“You have a hair growing out of your forehead,” Dea says to me as Los Angeles’ Fabulous and Glamorous seem to glide by in a Gumby skate-walk-like movement. “It’s much lower than your hairline,” she goes on to tell me. I guess some rogue hair sprouted on my forehead, half an inch lower than my hairline. “Can you pull it out?” I ask with panic in my voice, as I start to imagine myself slipping into a Neanderthal shape. “Got it!” Thank God for girlfriends. I didn’t come here for a robust discourse about my hairy forehead. I’ll leave that discussion for my High School reunion. I came here to talk about pricing Photography for Art Shows.
A couple of Sunday’s ago I exhibited some of my framed prints at an annual underground indie art show in Los Angeles. A couple thousand people came out to look at a select group of creativity. In addition to Photography, there were Paintings, Illustrations, Sculptures, Jewelry, Hair and Makeup artistry, Fashion shows and live music. There was a lot thrown at public that night. Everyone seemed to be having a good time. I received a lot of compliments and some questions about the price of my art.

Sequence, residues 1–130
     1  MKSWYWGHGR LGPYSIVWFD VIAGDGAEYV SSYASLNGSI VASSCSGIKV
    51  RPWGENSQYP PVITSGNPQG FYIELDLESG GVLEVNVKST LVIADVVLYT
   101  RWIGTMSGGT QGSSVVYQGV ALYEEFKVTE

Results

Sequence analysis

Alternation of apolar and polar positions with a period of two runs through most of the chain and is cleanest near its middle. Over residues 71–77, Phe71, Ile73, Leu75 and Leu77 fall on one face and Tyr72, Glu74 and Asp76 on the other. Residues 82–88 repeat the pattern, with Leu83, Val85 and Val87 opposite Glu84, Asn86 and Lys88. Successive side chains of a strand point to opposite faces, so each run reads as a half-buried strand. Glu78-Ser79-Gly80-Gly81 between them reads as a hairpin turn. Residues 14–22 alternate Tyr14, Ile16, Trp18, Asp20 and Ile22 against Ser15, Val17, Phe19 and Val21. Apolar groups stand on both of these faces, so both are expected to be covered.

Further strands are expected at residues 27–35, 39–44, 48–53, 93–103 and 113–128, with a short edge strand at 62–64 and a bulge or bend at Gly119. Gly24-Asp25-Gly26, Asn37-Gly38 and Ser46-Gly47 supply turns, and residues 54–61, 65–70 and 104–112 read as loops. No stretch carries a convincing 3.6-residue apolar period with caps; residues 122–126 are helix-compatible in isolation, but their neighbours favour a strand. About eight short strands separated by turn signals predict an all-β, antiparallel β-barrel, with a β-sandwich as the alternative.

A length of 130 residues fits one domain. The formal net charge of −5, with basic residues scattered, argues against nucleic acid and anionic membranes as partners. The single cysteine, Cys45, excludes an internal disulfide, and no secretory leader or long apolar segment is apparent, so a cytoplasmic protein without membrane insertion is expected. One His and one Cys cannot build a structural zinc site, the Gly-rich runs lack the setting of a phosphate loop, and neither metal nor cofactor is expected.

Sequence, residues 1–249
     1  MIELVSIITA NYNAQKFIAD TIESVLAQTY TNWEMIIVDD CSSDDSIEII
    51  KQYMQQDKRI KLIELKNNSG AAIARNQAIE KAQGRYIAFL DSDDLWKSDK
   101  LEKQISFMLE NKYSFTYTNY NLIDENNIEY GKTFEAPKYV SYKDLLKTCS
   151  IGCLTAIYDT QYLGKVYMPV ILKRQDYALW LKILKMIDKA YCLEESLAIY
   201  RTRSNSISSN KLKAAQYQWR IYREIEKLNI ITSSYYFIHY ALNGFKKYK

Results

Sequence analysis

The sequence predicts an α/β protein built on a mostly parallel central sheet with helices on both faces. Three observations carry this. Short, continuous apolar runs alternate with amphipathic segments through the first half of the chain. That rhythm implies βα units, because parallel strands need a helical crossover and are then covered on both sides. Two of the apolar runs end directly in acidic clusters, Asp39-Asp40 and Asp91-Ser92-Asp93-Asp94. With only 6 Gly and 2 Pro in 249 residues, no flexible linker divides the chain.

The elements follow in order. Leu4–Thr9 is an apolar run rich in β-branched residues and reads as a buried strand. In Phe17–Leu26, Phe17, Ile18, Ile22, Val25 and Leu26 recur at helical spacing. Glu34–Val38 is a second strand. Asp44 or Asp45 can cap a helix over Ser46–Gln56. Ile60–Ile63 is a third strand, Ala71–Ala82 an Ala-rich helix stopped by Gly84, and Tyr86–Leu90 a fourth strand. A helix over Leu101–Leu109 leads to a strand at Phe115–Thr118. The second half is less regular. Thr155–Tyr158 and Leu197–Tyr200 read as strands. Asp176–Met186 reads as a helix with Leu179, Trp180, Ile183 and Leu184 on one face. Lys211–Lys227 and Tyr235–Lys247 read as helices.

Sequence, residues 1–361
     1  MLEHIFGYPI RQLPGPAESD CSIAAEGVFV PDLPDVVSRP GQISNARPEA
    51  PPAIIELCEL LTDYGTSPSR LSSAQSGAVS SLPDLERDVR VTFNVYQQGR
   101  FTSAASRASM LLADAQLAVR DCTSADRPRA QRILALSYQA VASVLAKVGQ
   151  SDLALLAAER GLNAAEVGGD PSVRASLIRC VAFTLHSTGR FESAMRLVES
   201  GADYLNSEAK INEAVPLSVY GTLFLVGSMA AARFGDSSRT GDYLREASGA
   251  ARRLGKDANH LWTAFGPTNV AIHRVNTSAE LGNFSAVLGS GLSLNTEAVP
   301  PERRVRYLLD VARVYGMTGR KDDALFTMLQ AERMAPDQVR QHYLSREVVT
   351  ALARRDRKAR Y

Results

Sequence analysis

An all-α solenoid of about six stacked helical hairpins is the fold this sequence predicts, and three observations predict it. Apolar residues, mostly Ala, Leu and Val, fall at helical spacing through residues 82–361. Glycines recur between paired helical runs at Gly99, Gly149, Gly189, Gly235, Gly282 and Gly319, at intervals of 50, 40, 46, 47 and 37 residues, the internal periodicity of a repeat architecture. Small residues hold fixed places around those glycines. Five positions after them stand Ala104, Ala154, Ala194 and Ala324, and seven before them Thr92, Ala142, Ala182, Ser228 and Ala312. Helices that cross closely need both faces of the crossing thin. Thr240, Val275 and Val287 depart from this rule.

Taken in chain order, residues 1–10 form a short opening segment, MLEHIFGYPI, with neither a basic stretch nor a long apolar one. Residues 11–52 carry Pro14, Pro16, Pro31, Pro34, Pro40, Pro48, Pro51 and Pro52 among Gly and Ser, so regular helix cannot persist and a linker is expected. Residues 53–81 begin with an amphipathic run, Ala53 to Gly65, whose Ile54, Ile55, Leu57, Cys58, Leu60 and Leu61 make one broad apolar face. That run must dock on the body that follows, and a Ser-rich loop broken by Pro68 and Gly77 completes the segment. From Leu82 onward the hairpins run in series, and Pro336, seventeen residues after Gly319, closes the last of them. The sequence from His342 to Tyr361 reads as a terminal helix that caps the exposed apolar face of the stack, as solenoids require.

As I walked around, admiring everyone else’s art, I started to realize that my framed prints were priced way too high – for that show. People were selling paintings, almost the same size as my prints, for under $100. Let’s just say that I wasn’t even close to that number. I started to wonder if I should lower the cost of my art. Then I remembered walking through the Peter Fetterman Gallery in Santa Monica, California. The least expensive picture in there was a 4”x6” black and white print, with white matting around it (no frame), costing more than $800. There was also a 50”x50” framed piece going for $50,000. The Photographer wasn’t anyone ultra famous. I asked the front desk attendant how many 50”x50” pieces they’ve sold. “We’ve sold two so far,” he tells me with a straight face. I try to hide my shock and awe. “We sell more than people think!”
To start, I am not well versed on the topic of pricing Art. However, I do understand how to figure out my raw materials cost. This is the starting point I use to price my art. Regarding my framed prints at the show, I wasn’t selling them anywhere near $50,000. However, I started to wonder if I should price my art based on the venue of a show. If I ever have the opportunity to grace the walls of Peter Fetterman’s gallery, would I charge more than what I was asking at the indie art show? My Economics degree winces at that thought because that seems so inconsistent. To artificially inflate or deflate a price based on venue seems like an inaccurate way to conduct business, especially if the demand for my artwork stays the same. Thus, inflating or deflating prices should be based on the demand for work, not the venue.